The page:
Branch came into the mayor’s office while the city faced administrative orders from the Louisiana Department of Environmental Quality (LDEQ) to improve the wastewater treatment process. “The system wasn’t going to get any better,” he says. “It was only going to get worse. That became my priority, because water is the common denominator for this entire community.”

Whitaker, a Tallulah native, has been with the city as an employee or contract operator for the past 31 years, except for three years working with a U.S. government contractor during the Iraq war, coming home in 2010. He holds Class 4 (highest) licenses in water production, treatment and distribution and in wastewater treatment. He is also a member of the American Water Works Association and the National and Louisiana Rural Water associations.

All-out effort

Lobbying for the fund-matching waiver meant extensive preparation, followed by heavy activity during a 45-day legislative cycle. The initiative reached directly to the grass roots. City officials held community meetings, engaged the news media, and circulated petitions supporting the waiver.

Residents and officials wrote letters to legislators describing their experiences with water and wastewater system failures.

“Everything was about the timeline,” says Branch. “Our city council was very supportive. They were not hesitant. They helped us in getting the community involved, securing the letters of support that we needed. All members did what they needed to do within their districts.”

One key step was a meeting with the LDEQ. Says Whitaker, “We took an entourage including myself, the mayor and our engineering consultants. We explained all the problems we’d been having and showed them our plan of action.”

The result was that the LDEQ gave the city a letter of endorsement to be used with legislators. Branch recalls, “That and the many other letters of support we received really got us over the top. We had written documentation that we were facing a health issue.”

City officials lobbied legislators throughout the floor session. “We were there every other day, making sure our voices were heard,” Branch says. “That was the biggest thing — just being there and letting them know how serious our problems were.” The local legislative delegation of Sen. Francis Thompson and Reps. Andy Anderson and Charles “Bubba” Chaney strongly advocated for the city.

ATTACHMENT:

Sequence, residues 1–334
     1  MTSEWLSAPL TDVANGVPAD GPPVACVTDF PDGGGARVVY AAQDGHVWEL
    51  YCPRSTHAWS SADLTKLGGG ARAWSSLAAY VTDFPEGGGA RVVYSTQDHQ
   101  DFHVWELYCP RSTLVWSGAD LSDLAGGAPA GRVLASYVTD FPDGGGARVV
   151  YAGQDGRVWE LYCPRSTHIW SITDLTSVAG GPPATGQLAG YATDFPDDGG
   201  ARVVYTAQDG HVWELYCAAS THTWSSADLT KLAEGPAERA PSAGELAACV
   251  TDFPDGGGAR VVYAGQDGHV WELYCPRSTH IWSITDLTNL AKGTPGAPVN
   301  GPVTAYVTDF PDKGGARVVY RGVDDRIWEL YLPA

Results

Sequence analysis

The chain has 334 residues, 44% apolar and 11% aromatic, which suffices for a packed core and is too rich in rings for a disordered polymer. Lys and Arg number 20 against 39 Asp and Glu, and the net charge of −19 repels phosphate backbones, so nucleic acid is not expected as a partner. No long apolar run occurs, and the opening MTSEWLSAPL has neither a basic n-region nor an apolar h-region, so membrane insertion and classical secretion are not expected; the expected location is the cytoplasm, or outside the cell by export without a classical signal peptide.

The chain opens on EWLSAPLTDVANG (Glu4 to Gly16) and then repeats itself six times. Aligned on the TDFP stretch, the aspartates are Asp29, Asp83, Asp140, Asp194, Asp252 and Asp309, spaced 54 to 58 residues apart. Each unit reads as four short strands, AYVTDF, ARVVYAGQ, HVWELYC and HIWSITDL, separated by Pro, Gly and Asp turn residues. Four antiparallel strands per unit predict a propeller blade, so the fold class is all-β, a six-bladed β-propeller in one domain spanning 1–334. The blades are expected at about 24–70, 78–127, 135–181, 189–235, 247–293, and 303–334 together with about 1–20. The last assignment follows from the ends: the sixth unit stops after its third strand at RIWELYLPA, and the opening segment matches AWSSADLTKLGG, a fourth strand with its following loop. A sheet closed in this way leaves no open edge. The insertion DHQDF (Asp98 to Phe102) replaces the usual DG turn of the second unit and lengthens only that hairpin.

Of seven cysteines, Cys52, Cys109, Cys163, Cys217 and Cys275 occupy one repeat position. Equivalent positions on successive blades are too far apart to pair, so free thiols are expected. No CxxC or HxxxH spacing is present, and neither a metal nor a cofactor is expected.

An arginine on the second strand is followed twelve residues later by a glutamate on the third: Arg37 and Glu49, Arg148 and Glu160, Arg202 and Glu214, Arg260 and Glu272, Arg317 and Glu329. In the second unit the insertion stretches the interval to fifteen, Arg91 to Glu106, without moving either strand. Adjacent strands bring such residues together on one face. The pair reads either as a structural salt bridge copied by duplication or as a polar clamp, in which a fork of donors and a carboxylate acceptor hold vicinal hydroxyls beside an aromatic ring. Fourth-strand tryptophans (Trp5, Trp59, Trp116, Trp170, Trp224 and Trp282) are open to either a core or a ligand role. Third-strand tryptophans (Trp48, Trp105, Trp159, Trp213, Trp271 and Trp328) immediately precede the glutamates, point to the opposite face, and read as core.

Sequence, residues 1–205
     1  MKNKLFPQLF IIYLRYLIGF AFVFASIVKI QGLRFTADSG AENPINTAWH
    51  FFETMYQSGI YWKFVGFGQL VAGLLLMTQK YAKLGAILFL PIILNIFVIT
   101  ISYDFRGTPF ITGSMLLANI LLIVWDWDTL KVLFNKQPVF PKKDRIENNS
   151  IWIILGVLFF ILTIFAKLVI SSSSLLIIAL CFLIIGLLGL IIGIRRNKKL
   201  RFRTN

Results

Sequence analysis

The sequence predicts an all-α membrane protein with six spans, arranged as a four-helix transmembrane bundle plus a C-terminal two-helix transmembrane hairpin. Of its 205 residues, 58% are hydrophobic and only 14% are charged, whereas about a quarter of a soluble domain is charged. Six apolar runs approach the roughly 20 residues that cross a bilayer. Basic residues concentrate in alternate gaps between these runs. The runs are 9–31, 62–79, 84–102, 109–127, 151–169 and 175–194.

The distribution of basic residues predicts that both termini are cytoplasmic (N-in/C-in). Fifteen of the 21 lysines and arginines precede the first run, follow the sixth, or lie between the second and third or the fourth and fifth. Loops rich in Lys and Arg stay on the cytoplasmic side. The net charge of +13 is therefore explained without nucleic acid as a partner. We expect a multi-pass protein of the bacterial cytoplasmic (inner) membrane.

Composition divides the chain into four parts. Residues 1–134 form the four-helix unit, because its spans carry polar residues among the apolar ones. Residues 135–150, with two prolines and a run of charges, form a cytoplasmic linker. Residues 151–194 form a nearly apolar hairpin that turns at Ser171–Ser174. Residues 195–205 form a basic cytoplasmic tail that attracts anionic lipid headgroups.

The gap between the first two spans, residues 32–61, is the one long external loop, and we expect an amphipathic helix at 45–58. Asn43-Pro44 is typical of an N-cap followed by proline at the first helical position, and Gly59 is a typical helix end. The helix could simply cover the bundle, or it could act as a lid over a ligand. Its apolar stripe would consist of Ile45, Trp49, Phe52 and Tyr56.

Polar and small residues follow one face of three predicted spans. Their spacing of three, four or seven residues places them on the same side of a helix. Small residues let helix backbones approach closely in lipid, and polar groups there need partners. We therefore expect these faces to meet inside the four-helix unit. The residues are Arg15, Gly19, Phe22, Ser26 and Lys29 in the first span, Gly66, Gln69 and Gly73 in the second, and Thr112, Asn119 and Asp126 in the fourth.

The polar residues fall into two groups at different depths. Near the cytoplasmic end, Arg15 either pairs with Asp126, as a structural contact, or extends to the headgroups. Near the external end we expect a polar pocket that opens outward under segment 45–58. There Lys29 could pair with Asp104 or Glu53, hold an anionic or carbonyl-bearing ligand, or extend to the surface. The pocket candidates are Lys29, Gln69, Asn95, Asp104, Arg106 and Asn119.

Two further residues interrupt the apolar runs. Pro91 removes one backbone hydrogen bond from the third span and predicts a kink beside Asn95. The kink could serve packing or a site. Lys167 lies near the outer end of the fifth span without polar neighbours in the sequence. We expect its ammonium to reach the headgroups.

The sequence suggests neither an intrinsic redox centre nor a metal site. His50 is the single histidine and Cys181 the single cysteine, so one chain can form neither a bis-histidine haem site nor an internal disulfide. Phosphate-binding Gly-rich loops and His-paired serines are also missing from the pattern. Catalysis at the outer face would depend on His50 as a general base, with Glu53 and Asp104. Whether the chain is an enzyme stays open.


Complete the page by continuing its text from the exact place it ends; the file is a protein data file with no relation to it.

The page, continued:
“Evidently it worked, because when it came time for the vote, the measure passed unanimously and the waiver was given,” Branch says. “Many people were amazed that a town our size was able to procure such a magnitude of funding. It was hard work. We understood process and followed it all the way through to the very end.”

Lessons for others

Whitaker and Branch agree that their experience can serve as an example to other communities struggling to fund large and essential water infrastructure projects.

“What I would tell anyone is that you have to be able to analyze and prioritize,” says Branch. “That is the key. Once you get your plan, stick to it, no matter what. If you don’t, you’ll find yourself wavering. Take the time out to plan and research and know what you need to do.”

As an elected official, he saw the importance of acting early in his four-year term: “You may not be fortunate enough to win another term. Then someone comes in and has brand-new ideas, and your hard work just goes out the window.”

Whitaker, meanwhile, learned persistence: “My perspective is never to give up on a plan, even if it looks 20 years into the future. If you have a plan, stick to it. Be consistent. Be consistent with the press. Be consistent in everything you do in the water business. If you do, eventually you will reap the benefits.”

The water side

Last September, the City of Tallulah won approval for $22 million from Louisiana’s Capital Outlay Fund for infrastructure to build new drinking water wells, a water transmission pipeline, and a new water service facility.

The project, fully state-funded, will replace an antiquated treatment plant and provide much higher-quality source water that will require a far less complex and chemical-intensive treatment process, according to Carlton Whitaker, chief water and wastewater operator.

The Upper Mississippi Alluvial Aquifer from which the city now draws source water is naturally high in arsenic and barium (both above U.S. EPA maximum concentration limits) and in iron and manganese, says Whitaker. The new plan is to tap the Cockfield Aquifer, about 30 miles from the city.

“We expect to draw more pristine water that doesn’t have the constituents our source water has now,” Whitaker says. “We have high hopes of getting water that will require only disinfection and possibly light filtering. We also hope to sell water to other smaller communities along the route of the trunk line to Tallulah.”

The new water service facility will replace a 66-year-old plant that uses enhanced lime treatment followed by mixed-media filtration. That plant is showing impacts of aging that include metal corrosion, metal fatigue and leakage. Replacement parts are hard to find. In addition, lime floc carryover from the settling process leads to frequent blinding of the filters and excessive backwashing.

The new water service facility will double current capacity to 3 mgd and is expected to meet the city’s needs for 20 years. The water system project is to be completed in three years.